While it is well-known that malware toolkits have become the preferred method for launching Internet attacks, a recent Symantec report has found out just how much the exploit toolkits have lowered the barrier for cybercriminals to launch campaigns.
In the article, “How Attack Toolkits Impact the Cyber-Underground,” Marc Fossi, manager of research and development for Symantec Security Response, said the ease of usability is one of the reasons why toolkits are now used in the majority of Web attacks.
“In a similar way, attack toolkits relieve the user from requiring the deep technical knowledge to write an attack, meaning a novice attacker can mount a sophisticated attack campaign using an attack kit without needing to know how to uncover vulnerabilities or how to exploit them. Attack kits reduce or remove this necessity by including prewritten exploits and malicious code along with the means for distributing these attacks, all via a friendly user interface.”
With more than 60% of all online attacks now launched by automated attack toolkits, the kits also do the homework for criminals by exploiting known vulnerabilities and keeping stats on how many times an attack is launched and how often the targets are successfully exploited, said Fossi.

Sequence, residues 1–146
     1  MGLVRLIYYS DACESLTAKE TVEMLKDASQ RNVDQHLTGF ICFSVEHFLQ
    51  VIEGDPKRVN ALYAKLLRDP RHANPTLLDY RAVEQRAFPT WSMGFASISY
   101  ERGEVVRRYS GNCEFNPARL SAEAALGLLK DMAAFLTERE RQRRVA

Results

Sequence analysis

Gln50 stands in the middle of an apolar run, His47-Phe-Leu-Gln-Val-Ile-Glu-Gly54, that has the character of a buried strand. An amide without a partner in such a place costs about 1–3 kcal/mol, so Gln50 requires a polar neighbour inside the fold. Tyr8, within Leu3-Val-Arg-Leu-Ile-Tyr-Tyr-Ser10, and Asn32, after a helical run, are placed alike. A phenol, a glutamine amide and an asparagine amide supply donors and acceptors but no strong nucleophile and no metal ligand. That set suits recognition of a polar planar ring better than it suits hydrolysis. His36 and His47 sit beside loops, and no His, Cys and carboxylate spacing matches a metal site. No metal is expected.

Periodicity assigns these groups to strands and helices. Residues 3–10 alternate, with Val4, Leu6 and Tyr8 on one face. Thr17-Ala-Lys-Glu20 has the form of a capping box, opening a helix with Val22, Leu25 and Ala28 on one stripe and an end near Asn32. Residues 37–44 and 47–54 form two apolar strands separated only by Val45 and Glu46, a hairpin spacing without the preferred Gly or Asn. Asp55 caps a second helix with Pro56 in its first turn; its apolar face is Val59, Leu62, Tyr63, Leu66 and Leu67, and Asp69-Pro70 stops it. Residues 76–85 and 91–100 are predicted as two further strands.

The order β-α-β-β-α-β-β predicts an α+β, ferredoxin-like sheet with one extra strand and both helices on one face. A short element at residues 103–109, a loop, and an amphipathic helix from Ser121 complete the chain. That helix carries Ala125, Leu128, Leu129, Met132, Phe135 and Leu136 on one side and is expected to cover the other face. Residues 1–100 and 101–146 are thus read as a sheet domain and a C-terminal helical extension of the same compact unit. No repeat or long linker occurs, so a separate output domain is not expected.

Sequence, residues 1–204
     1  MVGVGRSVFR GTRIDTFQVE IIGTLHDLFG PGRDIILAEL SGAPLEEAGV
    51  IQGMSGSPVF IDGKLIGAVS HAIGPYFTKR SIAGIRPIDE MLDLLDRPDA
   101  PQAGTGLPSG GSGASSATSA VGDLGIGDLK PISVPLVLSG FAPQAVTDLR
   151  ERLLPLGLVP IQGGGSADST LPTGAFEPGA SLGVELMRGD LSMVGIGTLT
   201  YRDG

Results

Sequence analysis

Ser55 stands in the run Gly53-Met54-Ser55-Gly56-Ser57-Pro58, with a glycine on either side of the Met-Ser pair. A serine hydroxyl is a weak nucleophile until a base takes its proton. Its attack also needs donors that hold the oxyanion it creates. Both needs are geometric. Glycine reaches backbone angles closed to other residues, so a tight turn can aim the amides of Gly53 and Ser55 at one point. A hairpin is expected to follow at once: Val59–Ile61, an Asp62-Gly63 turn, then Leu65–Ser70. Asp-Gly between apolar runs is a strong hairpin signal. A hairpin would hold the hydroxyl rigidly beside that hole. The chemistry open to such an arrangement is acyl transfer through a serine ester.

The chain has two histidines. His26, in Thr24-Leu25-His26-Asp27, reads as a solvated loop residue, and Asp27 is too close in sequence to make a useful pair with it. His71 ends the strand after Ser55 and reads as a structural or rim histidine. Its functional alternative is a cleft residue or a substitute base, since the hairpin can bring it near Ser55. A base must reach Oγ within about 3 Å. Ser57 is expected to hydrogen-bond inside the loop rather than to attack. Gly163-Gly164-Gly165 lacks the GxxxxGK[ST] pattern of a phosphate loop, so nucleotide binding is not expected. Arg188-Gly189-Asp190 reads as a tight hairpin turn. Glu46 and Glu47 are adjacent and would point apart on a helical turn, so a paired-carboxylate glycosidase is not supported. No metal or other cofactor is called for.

As prewritten malicious code allows relatively unskilled hackers to spread widespread attacks, Bill Snyder points out in the article, “As PC Virus Turns 25, New Worry Emerges: Attack Toolkits,” the six reasons we should be concerned:
- Attack kits make it easier for relatively unsophisticated hackers to launch an attack.
- The prevalence, simplicity and effectiveness of the attack kits are contributing to an upward spike in cybercrime.
- Cyber criminals, like legitimate business people, believe in a return on investment.
- With updates, hackers are using the newest and most potent versions of the malware that can hit users even harder.
- Attack toolkits include exploits for vulnerabilities in multiple applications and technologies to increase its chances of successfully penetrating an unpatched vulnerability.
- The attack kits launch malware that can attack multiple platforms including Macs, Linux and Windows.
While these are certainly valid points in the evolution of malware toolkits, application whitelisting solutions such as Bouncer by CoreTrace protect any computer — whether it’s a Mac, Linux or Windows platform — by simply preventing the malware from executing on a system. It is so simple: if it is not on the whitelist, it doesn’t execute — whether it came from a toolkit, was custom made, was targeted, morphed, etc.